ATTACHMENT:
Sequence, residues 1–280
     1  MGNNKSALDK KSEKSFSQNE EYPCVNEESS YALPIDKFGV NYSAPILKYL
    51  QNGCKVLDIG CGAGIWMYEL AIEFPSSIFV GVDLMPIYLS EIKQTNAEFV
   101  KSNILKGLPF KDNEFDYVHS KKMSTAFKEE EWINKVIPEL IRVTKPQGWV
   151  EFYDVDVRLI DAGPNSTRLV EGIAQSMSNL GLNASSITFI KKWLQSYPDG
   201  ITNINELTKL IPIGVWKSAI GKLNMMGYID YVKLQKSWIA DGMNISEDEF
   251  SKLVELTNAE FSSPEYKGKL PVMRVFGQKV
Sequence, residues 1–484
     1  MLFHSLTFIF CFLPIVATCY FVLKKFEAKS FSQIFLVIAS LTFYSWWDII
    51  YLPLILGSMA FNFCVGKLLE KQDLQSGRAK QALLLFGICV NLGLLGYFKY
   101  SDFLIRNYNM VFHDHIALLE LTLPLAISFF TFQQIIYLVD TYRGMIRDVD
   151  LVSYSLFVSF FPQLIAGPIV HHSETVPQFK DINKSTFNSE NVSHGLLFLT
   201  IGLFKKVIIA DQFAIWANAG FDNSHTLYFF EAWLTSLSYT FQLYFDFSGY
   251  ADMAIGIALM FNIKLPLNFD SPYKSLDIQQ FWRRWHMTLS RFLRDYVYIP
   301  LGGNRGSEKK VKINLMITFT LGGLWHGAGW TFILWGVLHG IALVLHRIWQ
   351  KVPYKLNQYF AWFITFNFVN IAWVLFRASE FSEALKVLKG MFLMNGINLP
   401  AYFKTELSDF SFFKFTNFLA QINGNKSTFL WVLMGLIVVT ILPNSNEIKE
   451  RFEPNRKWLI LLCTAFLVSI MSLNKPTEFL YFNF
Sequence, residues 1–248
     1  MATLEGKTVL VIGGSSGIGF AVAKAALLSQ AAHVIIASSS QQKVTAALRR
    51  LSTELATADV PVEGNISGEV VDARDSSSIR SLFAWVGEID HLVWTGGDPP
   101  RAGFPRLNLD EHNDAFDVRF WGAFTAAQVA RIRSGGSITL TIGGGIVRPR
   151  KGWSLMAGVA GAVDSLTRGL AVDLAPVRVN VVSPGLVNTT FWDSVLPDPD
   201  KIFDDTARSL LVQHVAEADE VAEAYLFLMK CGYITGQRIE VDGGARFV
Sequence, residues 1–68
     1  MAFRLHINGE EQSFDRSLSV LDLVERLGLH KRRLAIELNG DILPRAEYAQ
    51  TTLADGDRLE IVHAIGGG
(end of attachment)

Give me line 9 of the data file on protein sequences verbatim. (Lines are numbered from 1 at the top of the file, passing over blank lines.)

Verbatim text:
     1  MLFHSLTFIF CFLPIVATCY FVLKKFEAKS FSQIFLVIAS LTFYSWWDII